Biography of Reverend John Skinner 1772-1839

Reverend John Skinner 1772-1839 is in Antiquaries.

In 1772 Reverend John Skinner was born.

Archaeologia Cambrensis 1908 Supplement. Dec 1802. Archaeolgia Cambrensis 1908 Supplement. Ten Day's Tour Through the Isle of Anglesey in December 1802 by the Reverend John Skinner (age 30), Rector of Camerton, Somersetshire.

In 1839 Reverend John Skinner (age 67) died.

Wiltshire Archaeological Magazine 1859 V6 Pages 317-336. A small low barrow on Pound Down, within a short distance of the last group and nearly opposite the fifth mile-stone from Devizes, was also examined. This proved to be the one opened by Sir R. C. Hoare August 11th, 18141, which was the subject of a lengthy poem, entitled "Beth Pennard, or the British Chieftain's Grave,"2 by the Rev. John Skinner, who with Dean Merewether3, was present at the opening. From the terms in which Sir Richard Hoare describes the situation of this barrow (in which the richly ornamented earthen drinking cup, here figured4, was found near the head of a skeleton) it was at first by no means clear to which he refers. Its identity with that which we re-opened was however proved by the discovery of a brass medal, inscribed OPENED by R.C.H. with the fragments of a skeleton in a cist, which had been excavated to some depth in the chalk. Much poetical merit cannot be claimed for Mr. Skinner's unpublished verses; from which, however, as referring to the opening of this particular barrow, and as containing a complimentary allusion to Sir Richard Hoare, the following lines may be quoted.

Note. Poem Inserted Here.

Note 1. Ancient Wilts, vol. ii. p. 92, No. 4.

Note 2. Wilts Arehæological and Natural History Magazine, vol. iv. p. 361, note.

Note 3. Proceedings Archæologieal Institute, at Salisbury," 1849, p. 109. The Dean's description of the locality is also ambiguous; but one of Sir Richard's pioneers," the octogenarian John Parker, perfectly remembers the barrow as the one we re-opened. Dr. Stukeley says Sir R. C. Hoare, "has recorded the merits of Reuben Horsall, the Town Clerk of Abury: and why should I not do equal justice to those of our Heytesbury pioneers John Parker and his father Stephen, to the former of whom we feel much indebted for many interesting discoveries". Ancient Wilts, vol. i. p. 97.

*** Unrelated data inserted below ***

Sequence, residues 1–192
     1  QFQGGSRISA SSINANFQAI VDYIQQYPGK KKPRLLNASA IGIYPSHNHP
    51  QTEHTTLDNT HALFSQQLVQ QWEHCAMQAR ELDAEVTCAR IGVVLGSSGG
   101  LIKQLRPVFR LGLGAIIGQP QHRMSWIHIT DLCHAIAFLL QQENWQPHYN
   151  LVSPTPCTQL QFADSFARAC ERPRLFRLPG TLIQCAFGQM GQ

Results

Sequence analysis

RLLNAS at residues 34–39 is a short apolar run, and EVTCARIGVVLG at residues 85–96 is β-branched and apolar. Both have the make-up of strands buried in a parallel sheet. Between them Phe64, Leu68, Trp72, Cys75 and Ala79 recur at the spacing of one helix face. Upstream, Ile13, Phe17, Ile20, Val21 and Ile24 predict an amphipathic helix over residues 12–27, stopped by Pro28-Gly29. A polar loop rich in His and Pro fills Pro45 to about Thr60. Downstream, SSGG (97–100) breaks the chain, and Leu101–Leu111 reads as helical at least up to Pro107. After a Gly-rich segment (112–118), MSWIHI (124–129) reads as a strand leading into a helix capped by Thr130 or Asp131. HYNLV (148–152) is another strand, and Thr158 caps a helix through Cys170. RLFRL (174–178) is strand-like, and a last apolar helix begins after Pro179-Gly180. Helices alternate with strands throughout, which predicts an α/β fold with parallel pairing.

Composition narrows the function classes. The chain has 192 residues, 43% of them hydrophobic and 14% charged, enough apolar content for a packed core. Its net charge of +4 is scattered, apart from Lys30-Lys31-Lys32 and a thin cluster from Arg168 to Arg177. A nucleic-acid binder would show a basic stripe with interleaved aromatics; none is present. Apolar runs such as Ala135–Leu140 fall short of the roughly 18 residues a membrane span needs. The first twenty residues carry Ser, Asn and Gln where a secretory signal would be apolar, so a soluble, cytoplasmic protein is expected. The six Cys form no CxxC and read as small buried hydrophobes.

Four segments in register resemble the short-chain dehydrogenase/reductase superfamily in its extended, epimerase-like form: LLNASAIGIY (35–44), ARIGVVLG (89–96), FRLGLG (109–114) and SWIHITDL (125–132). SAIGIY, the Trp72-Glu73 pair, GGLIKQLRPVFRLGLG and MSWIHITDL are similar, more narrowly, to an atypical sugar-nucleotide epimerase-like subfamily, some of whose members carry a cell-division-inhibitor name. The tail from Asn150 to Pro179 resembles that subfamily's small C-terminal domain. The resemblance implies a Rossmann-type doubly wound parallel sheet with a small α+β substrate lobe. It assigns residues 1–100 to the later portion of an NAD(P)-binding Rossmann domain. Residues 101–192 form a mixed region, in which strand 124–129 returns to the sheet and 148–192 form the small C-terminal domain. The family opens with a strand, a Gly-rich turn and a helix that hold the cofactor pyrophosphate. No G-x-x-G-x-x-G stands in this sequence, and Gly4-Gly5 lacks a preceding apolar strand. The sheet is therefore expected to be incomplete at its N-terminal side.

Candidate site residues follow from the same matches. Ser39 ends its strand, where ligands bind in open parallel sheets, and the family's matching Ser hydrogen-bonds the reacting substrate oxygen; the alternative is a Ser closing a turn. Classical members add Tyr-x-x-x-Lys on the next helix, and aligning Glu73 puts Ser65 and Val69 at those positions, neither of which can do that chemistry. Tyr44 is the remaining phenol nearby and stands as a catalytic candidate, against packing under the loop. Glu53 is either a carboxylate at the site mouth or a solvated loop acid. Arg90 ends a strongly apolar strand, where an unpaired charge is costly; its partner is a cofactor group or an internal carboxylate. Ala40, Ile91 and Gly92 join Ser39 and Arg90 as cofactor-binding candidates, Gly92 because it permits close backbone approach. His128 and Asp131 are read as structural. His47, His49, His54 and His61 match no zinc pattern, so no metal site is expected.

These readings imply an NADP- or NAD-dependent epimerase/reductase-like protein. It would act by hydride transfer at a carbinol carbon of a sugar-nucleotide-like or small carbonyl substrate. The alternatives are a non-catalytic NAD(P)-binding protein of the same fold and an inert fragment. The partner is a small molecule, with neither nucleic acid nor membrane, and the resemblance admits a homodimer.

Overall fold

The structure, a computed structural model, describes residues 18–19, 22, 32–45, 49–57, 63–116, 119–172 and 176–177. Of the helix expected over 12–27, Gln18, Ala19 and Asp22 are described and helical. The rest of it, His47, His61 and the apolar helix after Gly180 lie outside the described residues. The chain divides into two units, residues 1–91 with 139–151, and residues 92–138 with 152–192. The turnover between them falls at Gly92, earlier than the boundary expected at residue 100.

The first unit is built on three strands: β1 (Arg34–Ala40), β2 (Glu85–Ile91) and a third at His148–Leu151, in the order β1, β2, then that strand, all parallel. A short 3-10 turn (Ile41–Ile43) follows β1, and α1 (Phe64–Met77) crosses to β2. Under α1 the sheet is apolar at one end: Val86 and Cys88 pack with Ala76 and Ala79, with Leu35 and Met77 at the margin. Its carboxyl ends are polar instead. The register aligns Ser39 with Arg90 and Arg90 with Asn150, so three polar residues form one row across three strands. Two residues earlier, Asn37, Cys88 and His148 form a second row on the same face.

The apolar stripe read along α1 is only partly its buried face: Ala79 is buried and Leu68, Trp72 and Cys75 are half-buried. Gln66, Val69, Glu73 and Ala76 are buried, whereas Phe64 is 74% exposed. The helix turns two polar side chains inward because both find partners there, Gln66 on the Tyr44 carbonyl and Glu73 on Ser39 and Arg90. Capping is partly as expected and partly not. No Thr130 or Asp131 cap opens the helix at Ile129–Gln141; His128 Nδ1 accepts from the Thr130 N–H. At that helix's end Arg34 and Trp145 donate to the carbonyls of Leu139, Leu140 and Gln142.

Note 4. For the use of the wood-cut of this cup, from the Catalogue of the Museum at Stourhead, we are indebted to Messrs. Nichols and Sons, of Parliament Street. The vase is here represented of about one-third its actual size.

The Pillar Stone. The first part of the structure to be examined was the pillar within the chamber (Fig. 3), which was semi-prostrate and resting against stone No. 6. It undoubtedly still occupied the position it had assumed when it was "overturned" at the violation of the monument in the eighteenth century, in spite of a definite statement that it was prostrate in 1847, supported by a drawing made in by the Rev. John Skinner, which shows it lying east and west beside the hole in which it once had stood. The packing blocks placed with extreme care around its base were still in position, with the exception of one or more which had been withdrawn from the south-east side, and so allowed it to incline in that direction. The stone was set upright again, and the blocks had preserved the shape of the socket so accurately that the position it now occupies is precisely that in which it was first placed. The pillar is 8 ft. 3 in. long, and now projects 5 ft. 6 in. above the floor level. Except where it has suffered damage the whole of its surface is smoothed and rounded, and it is slightly flattened on the north-east and north-west sides opposite to stones 7 and 5. The upper 1 ft. 9 in. of the south-west side has been split off and lost, thus depriving the pillar of its symmetry. It is tapered at both ends, the maximum circumference being 4 ft. 7 in. at 4 ft. 3 in. below the top of the stone.